NASA, Other

Mixed messages on commercial space

Earlier this week the Houston Chronicle ran an op-ed by former congressman Nick Lampson, who sings the virtues of commercial spaceflight. In particular, he called on the Augustine committee to recognize the role commercial space can play in NASA’s future human spaceflight plans:

The Review of U.S. Human Space Flight Plans Committee, the blue ribbon panel chartered by President Obama, met this week in Houston. Their recommendations in August could well shape the course of future U.S. human space exploration and affect U.S. competitiveness in science and technology. It is critical that we support the development of commercial space flight capabilities over the next decade for reliable, affordable access to low Earth orbit for both people and cargo. The provision of additional commercial services in space will free NASA resources for exploration and ensure that we meet our science and technology goals as a nation.

(This op-ed was highlighted by Next Step in Space, a coalition of companies and other organizations established earlier this month that is pushing for support for human commercial spaceflight.)

It’s interesting to compare that with a passage in a Wall Street Journal article this week (subscription required) about Virgin Galactic’s deal to sell a stake to an Abu Dhabi fund:

However, a NASA official cautioned that venturing into space is extremely costly, dangerous and difficult.

“Everyone has the opinion ‘we can do this’ but I’ve seen so many fail,” he said, adding that running a shuttle costs at least $3 billion a year.

All this is true: spaceflight is difficult and not cheap, and many ventures who have tried it before have failed. But what does the operating cost of the shuttle have to do with a suborbital space tourism system? The article doesn’t identify the “NASA official” who provided the quote nor explain why he wasn’t identified. It’s not surprising some people have seen this as a bit of FUD.

9 comments to Mixed messages on commercial space

  • Dave Huntsman

    “Everyone has the opinion ‘we can do this’ but I’ve seen so many fail,” he said, adding that running a shuttle costs at least $3 billion a year.

    Actually, running “the” shuttle – the only one we’ve ever had – costs over $3b a year; that hardly applies to anything that can shuttle up and down, till the end of time, no matter how big, or small, or focused it is.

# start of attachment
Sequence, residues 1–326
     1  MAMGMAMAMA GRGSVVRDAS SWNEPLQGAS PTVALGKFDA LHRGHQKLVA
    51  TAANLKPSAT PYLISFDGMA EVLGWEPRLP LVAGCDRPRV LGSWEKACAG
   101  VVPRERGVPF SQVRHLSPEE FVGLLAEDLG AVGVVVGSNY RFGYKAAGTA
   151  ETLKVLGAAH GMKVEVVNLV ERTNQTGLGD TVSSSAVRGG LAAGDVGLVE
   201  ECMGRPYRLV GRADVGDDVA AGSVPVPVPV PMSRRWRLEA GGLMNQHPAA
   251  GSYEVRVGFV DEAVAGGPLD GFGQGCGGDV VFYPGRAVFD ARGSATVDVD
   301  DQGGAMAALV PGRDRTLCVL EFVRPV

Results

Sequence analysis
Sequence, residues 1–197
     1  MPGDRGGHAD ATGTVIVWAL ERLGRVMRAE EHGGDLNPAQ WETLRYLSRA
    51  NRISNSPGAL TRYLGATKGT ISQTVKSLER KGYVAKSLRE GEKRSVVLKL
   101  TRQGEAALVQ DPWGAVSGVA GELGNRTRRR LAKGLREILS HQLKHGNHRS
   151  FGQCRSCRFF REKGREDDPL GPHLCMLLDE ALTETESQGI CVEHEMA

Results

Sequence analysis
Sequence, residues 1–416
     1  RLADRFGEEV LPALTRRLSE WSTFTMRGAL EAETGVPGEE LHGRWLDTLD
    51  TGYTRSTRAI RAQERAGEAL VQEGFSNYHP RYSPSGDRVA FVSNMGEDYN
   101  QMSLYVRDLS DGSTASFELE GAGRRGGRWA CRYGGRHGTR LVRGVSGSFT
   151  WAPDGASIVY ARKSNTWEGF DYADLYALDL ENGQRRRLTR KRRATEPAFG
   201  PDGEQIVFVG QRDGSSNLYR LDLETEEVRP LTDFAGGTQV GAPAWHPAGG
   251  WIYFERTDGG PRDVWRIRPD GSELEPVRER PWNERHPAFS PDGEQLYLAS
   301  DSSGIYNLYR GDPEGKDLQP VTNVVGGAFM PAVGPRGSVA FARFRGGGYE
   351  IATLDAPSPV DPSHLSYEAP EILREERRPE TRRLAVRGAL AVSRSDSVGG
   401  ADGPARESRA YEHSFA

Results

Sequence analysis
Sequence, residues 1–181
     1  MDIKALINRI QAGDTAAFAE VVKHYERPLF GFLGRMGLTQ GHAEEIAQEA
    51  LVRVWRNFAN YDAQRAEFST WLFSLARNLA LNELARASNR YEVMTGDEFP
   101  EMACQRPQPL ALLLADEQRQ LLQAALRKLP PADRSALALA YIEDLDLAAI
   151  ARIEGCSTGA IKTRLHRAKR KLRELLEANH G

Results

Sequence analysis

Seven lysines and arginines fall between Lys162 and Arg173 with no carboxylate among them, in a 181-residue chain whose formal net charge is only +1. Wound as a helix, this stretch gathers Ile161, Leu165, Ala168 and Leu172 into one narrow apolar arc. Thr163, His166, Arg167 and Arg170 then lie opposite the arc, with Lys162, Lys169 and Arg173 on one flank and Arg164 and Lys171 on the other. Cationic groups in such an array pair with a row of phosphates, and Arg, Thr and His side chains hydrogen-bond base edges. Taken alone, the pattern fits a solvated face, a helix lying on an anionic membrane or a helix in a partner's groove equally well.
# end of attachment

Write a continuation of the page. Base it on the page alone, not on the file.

I was working on the shuttle program when the design was finalized; that was in the ’70s. It was designed as one multipurpose vehicle to serve all civilian and military human launch, and all cargo launch, and all launches from orbit, and all space retrievals, and all in-space repairs, and all space returns, etc. etc. needs – which, we now know, was not a smart thing to do. Also: Even if it was the perfect design for THEN, and run by the perfect organization for THEN, this is still over 30 years later.

    The anonymous “NASA official’ has seen a lot of things fail; so have we all. And the new Virgin Galactic deal isn’t even (in sum) the largest commercial space development deal to date: Kistler holds that honor.

    So, if one were to compare these two vary different large-space financings, can we discern anything? I think so.

    A month ago those of us within NASA trying to jump-start a commercial space initiative proposal (those are my words; there exists no official proposal by that name) met, and invited people with experience – the good and the bad – from previous ventures to come and give us some lessons learned. Kistler, I think, suffered from a couple of intrinsic failures: a top management team that focused more on fund-raising (which they were very successful at), than the technical design (both need laser-like focus, from different types of folks), leading to what was probably some fundamentals flaws in the design; and a heavy reliance on top ex-NASA senior managers whose experience and skill set came from having much more money and bureaucracy supporting them than a true commercial operation could ever stomach.

    Kistler was also trying to bite off one big piece all at once: a large, fully-reusable orbital and return vehicle that would not fly that often. Even if they had the perfect team for that $1b in money they raised, that was probably too big a set of objectives to grab all at once, even if the design was basically sound (and it may not have been).

    In my opinion, the Galactic deal involves one-fourth of the money raised – but maybe only one-tenth(or less) of the challenges and goals. They already have clear, flight-tested pathfinders in WK1 and SS1; financing and technical responsibility are totally separate, with real experts heading each; and the goals, suborbital human transportation, suborbital payload transportation and return, and maybe nanosat or equivalent launching, are all things that require almost no new true technology creation. And that’s just for starters.

    I sure as hell hope the “NASA official” who made that comment is part of the team that will be cycling out of the agency in the next few months. S/he is so far off, it’s frightening to think they’ll still be in a position of authority if they aren’t.

  • Major Tom